The intersection of medicine, psychology, and socialization or culture (in this case, the social variables differentiating adults from children) is quite fascinating and is a field that is in need of better research
When I first came to college, I wanted to cure cancer. I had always been fascinated by science and I loved helping others, so cancer research seemed to combine my passions. However, as I progressed in college
, I realized there was something about the research atmosphere that was missing for me. When I worked in Dr. Grey’s cancer research lab during the spring of my sophomore year, I enjoyed applying the science but I missed human interaction. That summer, I volunteered in the emergency room of Seattle Grace Hospital and I knew I wanted to be a doctor.
Although much headway has been made in this area in the past twenty or so years, I feel there is a still a tendency in medicine to treat diseases the same way no matter who the patient is. We are slowly learning that procedures and drugs are not always universally effective.
Four-letter word for “dignitary.” The combinations surge through my mind: emir? agha? tsar? or perhaps the lesser-used variant, czar? I know it’s also too early to rule out specific names - there were plenty of rulers named Omar - although the clue is suspiciously unspecific. Quickly my eyes jump two columns to the intersecting clue, 53-Across, completely ignoring
the blur outside the window that indicates my train has left the Times Square station. “Nooks’ counterparts.” I am certain the answer is “crannies.” This means 49-Down must end in r, so I eliminate “agha” in my mind. Slowly, the pieces come together, the wordplay sending my brain into mental gymnastics. At the end of two hours, I find myself staring at a completed crossword puzzle, and as trivial as it is, it is one of the greatest feelings in the world.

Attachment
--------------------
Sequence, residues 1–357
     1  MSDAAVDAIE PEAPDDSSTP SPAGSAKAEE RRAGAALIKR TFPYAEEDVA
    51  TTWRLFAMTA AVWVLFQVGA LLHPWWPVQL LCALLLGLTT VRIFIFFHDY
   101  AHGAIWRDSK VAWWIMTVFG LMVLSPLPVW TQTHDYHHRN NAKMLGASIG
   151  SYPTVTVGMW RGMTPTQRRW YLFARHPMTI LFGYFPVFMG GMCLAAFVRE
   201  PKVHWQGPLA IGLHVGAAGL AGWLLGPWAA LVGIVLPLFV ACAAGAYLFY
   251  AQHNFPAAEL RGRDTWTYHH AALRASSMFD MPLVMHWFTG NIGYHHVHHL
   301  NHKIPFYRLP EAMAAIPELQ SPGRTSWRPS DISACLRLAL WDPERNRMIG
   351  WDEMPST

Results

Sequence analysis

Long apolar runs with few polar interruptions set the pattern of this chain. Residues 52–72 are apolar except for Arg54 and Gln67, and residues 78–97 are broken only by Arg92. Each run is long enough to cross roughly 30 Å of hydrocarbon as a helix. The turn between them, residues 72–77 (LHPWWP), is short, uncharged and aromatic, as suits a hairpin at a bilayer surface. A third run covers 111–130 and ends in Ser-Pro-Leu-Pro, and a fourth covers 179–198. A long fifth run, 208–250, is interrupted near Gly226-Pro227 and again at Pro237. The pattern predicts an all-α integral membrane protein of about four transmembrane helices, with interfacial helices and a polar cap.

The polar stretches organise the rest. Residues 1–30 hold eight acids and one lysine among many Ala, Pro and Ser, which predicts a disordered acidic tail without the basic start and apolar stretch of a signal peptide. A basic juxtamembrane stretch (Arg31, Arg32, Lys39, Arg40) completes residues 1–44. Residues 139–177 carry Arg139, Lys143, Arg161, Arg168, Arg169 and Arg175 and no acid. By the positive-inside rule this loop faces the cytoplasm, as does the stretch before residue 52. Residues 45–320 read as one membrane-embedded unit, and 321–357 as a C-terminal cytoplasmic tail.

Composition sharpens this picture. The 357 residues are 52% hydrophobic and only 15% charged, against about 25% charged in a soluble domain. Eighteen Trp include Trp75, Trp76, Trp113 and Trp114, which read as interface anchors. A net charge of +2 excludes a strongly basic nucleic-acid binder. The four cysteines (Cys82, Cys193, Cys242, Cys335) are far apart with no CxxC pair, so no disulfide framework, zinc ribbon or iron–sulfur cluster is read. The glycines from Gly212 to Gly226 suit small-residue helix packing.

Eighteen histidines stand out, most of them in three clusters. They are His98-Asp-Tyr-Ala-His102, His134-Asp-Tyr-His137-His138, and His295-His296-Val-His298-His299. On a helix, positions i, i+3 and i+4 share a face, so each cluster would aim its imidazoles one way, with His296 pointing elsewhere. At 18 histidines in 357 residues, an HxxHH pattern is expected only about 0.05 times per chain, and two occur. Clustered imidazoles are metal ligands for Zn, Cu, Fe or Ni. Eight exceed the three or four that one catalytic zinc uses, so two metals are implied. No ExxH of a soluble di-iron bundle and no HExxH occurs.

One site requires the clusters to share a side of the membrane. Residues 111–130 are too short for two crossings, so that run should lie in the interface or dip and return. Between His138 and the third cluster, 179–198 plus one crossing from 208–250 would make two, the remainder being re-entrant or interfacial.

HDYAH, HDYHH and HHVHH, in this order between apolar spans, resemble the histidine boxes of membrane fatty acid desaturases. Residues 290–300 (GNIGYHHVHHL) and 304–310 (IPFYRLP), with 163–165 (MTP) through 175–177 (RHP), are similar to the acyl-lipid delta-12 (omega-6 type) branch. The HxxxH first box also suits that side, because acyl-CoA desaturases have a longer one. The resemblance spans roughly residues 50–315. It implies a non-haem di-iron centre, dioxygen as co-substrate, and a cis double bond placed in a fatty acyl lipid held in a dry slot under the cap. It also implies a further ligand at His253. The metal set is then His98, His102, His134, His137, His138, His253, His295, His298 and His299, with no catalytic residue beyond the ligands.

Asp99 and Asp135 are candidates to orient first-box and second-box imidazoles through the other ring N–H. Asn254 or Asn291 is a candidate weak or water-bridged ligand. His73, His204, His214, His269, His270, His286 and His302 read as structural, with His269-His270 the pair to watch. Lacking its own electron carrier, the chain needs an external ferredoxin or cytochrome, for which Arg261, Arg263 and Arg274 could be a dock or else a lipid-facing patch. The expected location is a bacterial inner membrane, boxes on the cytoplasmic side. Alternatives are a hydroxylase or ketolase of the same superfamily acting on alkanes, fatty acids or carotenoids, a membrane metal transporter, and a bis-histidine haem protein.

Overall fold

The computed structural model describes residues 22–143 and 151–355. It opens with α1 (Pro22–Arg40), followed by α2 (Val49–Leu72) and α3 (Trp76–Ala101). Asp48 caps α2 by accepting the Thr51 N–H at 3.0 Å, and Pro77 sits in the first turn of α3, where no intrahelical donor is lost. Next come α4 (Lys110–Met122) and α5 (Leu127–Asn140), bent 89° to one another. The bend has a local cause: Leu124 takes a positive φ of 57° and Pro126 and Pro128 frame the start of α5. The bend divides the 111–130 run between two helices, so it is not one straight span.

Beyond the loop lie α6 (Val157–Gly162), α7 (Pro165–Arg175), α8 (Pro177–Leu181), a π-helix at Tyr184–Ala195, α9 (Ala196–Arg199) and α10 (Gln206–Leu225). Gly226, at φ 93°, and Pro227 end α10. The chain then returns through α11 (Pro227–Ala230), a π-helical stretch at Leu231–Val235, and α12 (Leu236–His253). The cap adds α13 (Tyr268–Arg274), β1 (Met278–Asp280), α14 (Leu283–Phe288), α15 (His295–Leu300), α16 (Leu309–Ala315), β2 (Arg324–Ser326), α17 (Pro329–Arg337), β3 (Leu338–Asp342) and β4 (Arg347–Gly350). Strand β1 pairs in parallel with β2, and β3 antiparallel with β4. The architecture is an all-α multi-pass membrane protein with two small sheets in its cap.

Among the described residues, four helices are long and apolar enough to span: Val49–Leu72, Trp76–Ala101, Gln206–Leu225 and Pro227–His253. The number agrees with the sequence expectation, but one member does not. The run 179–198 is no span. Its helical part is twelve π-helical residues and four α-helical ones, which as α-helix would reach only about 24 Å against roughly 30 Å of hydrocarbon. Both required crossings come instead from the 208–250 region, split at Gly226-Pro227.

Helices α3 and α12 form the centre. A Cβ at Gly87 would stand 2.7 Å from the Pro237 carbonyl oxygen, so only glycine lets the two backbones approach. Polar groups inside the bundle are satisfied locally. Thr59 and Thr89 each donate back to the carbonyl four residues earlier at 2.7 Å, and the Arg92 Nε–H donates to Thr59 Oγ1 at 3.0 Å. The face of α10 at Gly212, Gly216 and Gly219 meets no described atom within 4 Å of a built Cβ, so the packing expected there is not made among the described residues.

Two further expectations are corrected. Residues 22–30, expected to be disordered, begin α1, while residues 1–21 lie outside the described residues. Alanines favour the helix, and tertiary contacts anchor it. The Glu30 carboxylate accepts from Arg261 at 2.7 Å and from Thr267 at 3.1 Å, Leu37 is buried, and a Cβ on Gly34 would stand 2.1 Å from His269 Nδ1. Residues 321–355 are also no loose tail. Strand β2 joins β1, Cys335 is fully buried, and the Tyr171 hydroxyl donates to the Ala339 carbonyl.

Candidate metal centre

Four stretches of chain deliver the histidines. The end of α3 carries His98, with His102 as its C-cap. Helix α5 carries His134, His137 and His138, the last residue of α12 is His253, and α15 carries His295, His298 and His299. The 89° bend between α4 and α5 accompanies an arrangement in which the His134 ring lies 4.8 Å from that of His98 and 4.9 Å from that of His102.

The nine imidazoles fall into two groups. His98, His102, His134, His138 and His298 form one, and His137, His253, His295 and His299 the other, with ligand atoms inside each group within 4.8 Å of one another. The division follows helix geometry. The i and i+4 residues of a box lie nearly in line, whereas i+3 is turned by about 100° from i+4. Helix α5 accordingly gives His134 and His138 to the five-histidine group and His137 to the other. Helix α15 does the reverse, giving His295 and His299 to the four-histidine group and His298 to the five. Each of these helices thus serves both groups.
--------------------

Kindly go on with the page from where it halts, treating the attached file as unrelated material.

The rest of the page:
Not only must we alter our care of patients depending upon these cultural and social factors, we may also need to alter our entire emotional and psychological approach to them as well.
It is for this reason that I’m applying to the Johns Hopkins School of Medicine, as it has one of the top programs for pediatric surgery in the country, as well as several renowned researchers delving into the social, generational, and cultural questions in which I’m interested.
My approach to medicine will be multidisciplinary, which is evidenced by the fact that I’m already double-majoring in early childhood psychology and pre-med, with a minor in cultural anthropology.
AMCAS is a centralized application service for medical schools, allowing you to save time by submitting just one application. With over 140 MD granting institutions participating, you’ll likely use AMCAS if you’re applying to medical
school in the US. While this service does enhance convenience, it also makes it even more difficult to stand out. Most applicants will have similar backgrounds to yours, and the AMCAS personal statement is
your biggest opportunity to show who you are as an individual and persuade the admissions officers to choose you.
This is the type of extraordinary care that I received as a child—care that seemed to approach my injuries with a much larger and deeper picture than that which pure medicine cannot offer—and it is this sort of care I want to provide my future patients.